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No short putts, but Mukesh is game for them

Losing the race to the order of merit title though rankles, Mukesh Kumar is too seasoned a campaigner to be smothered for long.

other Updated: Dec 15, 2010 00:44 IST
Robin Bose

Losing the race to the order of merit title though rankles, Mukesh Kumar is too seasoned a campaigner to be smothered for long.

After the near-miss at the CG Open last week, the pro from Mhow is looking to iron out a "debilitating" flaw and enjoying the week at the Delhi Golf Club (DGC).

At Rs 37,68,417, Mukesh is at a distance from Ashok Kumar (Rs 52,31,625). The equation could have altered in Mumbai but for some wayward putting. "I'm at a loss, the 10-15 feet putts are cakewalk but I just can't seem to sink the short (2-3 feet) curling putts. But for it, I could have finished better than Mandeo (Pathania, the winner at the Bombay Presidency Golf Club)," he said.

The problem has not set in all of a sudden. It's been around this year and seriously inconvenienced him during the Indian Open, which spoiled Mukesh's charge on the final day and he had to settle for a joint fifth.

As part of the ongoing effort, Mukesh descended early at the DGC on Tuesday. "There's no easy way out, practice and more of it is the only solution," he said on the eve of the LG Masters of PGTI.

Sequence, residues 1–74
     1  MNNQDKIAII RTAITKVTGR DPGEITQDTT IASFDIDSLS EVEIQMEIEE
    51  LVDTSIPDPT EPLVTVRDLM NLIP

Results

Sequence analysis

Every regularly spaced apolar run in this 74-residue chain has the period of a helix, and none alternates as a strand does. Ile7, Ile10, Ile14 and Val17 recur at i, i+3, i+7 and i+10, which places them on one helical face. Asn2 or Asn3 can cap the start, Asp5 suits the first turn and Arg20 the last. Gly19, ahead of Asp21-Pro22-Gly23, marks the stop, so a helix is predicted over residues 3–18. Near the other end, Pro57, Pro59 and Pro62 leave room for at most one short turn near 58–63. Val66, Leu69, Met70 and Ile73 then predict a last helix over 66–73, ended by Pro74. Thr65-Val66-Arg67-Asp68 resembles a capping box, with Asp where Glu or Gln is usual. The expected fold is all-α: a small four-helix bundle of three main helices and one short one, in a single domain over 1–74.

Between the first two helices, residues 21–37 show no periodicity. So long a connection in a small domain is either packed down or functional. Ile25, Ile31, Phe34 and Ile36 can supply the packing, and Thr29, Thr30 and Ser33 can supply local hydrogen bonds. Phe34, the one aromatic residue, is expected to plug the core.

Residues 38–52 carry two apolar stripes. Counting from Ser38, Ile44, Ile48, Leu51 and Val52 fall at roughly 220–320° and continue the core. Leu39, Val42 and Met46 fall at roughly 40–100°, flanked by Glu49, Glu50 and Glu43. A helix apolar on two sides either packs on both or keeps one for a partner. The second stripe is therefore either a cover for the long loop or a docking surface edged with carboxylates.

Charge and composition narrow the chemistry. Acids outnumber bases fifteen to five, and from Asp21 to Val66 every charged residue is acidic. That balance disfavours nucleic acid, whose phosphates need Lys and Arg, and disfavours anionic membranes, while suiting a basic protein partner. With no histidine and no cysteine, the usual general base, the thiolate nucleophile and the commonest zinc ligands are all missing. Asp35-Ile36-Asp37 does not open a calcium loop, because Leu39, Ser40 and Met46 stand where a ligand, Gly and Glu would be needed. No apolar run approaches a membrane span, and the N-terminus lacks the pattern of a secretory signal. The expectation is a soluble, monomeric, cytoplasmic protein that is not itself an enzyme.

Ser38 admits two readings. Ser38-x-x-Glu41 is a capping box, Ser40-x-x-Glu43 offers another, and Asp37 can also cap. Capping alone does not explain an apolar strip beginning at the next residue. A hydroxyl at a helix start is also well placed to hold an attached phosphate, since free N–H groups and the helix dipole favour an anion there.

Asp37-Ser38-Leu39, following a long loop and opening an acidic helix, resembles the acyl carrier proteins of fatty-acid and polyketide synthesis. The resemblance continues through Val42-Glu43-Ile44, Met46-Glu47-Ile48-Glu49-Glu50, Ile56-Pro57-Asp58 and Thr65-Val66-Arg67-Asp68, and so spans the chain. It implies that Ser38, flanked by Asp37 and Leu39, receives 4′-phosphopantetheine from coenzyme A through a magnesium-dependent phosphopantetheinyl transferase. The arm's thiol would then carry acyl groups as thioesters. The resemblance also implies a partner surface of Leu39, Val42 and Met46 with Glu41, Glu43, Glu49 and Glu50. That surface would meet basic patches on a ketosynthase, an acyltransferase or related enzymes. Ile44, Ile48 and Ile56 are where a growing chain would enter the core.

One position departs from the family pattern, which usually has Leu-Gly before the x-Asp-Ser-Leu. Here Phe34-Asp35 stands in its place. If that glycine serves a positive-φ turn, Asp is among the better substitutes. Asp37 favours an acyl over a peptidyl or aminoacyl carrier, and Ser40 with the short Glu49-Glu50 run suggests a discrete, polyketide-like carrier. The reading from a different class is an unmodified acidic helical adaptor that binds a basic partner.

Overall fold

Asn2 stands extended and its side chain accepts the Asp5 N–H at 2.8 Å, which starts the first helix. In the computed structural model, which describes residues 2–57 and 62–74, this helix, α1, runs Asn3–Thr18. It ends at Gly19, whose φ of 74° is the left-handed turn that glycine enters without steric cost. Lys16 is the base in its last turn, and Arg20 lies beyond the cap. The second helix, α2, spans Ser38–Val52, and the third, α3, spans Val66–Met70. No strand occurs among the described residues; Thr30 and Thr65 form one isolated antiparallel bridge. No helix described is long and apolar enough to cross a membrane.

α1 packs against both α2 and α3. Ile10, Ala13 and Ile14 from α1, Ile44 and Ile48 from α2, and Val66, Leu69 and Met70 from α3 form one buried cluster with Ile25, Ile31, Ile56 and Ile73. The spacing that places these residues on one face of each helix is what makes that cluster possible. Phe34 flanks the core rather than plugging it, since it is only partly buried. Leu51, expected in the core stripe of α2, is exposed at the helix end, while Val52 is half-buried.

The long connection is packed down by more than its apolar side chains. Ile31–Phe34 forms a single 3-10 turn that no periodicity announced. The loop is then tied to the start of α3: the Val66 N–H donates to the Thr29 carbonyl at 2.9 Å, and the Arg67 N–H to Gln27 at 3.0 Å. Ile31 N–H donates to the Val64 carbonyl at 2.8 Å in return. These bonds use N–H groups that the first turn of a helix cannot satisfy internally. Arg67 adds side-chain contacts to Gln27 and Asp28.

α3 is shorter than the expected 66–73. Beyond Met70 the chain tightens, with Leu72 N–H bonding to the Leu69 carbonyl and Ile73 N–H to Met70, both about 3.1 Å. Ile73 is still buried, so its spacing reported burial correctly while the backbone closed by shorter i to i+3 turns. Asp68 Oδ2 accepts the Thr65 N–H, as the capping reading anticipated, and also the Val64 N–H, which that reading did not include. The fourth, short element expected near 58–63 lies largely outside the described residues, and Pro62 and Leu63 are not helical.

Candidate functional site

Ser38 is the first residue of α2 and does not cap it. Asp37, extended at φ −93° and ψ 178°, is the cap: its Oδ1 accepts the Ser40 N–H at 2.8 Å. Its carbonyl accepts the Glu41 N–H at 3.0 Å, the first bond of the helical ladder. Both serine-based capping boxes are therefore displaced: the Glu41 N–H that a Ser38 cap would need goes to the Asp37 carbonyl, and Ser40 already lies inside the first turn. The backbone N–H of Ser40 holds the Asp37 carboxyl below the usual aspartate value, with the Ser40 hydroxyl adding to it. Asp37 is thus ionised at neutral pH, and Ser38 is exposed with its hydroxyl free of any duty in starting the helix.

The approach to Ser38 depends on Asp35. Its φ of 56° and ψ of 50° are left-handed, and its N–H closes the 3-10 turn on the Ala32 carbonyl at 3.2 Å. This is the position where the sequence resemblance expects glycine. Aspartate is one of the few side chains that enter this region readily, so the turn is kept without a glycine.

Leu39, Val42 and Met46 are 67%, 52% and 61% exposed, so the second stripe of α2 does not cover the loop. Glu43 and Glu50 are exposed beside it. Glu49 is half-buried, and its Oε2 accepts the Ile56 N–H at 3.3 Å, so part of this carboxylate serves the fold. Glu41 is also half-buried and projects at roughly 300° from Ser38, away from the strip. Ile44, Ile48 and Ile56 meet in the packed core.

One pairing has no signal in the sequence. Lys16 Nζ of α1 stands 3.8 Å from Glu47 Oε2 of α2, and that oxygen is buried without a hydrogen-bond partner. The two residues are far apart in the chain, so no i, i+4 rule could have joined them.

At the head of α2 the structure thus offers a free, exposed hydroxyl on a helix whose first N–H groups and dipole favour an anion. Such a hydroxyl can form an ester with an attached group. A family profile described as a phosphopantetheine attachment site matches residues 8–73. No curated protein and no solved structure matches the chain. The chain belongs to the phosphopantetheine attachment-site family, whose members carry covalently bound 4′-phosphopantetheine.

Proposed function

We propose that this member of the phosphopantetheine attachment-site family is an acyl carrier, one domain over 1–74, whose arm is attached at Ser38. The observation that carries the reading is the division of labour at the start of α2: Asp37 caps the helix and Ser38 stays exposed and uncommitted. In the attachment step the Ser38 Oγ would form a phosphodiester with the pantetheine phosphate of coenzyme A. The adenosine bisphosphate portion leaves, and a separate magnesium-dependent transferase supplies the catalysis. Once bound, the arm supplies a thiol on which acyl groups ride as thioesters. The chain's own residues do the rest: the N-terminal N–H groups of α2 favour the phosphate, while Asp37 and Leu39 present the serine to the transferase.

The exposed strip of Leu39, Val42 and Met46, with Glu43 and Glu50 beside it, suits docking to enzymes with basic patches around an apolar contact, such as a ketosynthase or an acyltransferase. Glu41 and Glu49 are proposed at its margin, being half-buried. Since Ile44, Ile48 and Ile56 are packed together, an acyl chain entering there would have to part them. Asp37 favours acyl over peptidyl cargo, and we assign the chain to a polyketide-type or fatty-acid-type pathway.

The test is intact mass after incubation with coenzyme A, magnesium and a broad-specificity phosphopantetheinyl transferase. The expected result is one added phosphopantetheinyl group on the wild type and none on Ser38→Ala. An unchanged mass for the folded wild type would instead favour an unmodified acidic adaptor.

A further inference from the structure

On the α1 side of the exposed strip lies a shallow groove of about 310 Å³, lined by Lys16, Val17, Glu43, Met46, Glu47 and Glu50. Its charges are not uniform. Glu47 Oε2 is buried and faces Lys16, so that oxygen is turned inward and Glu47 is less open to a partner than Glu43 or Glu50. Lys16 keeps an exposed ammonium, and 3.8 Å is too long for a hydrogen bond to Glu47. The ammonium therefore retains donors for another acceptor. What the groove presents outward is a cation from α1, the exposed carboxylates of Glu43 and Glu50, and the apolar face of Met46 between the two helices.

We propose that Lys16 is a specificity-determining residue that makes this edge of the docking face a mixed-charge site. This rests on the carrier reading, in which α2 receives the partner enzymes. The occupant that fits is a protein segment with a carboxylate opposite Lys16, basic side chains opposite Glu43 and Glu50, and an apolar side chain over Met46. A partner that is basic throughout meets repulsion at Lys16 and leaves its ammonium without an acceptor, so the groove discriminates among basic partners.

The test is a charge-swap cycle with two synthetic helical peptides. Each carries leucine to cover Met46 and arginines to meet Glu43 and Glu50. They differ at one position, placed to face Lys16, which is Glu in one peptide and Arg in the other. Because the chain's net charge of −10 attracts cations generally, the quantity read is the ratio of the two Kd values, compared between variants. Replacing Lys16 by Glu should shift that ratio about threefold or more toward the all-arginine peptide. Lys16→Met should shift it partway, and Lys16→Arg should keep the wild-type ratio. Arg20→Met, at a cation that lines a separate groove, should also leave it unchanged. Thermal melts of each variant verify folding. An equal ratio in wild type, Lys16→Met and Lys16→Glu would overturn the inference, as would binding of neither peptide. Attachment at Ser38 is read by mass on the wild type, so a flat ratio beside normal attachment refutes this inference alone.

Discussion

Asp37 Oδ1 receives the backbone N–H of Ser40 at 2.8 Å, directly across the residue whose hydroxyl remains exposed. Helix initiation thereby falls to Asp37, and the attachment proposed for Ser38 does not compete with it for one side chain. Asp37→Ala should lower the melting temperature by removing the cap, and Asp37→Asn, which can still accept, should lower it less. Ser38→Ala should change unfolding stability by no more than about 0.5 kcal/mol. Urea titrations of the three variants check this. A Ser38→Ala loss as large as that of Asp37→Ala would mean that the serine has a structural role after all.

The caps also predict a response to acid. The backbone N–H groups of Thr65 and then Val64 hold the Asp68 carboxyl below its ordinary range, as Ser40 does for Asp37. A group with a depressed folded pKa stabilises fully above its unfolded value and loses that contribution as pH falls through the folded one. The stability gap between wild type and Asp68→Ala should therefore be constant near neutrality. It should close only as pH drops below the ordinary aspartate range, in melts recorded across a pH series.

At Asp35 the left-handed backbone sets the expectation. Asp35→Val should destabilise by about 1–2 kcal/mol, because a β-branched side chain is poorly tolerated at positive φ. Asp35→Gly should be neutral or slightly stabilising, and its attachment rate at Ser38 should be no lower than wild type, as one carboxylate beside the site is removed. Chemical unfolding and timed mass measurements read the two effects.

The season's year-ender, which is open to the top-60 on the order of merit, will not witness a cut and offers a prize-money of Rs 1 crore. Even if Mukesh were to pocket the winner's cheque of Rs 15 lakh-plus, Ashok would be walking up the dais on Sunday to be feted for finishing No.1, a fact the former has accepted with a grit of the teeth.

"That title may have eluded me but it hasn't blunted the hunger to go for a win. In a way, the load's off me and I will be playing bindass," he said while watching the ball roll in for a putt at the practice green.

The build-up on Tuesday left the 45-year-old confident of holding his own in a field that boasts of Jyoti Randhawa, playing on a sponsor's spot, and Gaganjeet Bhullar besides Ashok, the defending champion, but warned the scores wouldn't plunge too low at this tight course.

"The conditions have changed since the Indian Open. Not only are greens slower, the grass on the left and right has been cut significantly. Also, with the temperature dipping further means the course is playing longer," he said.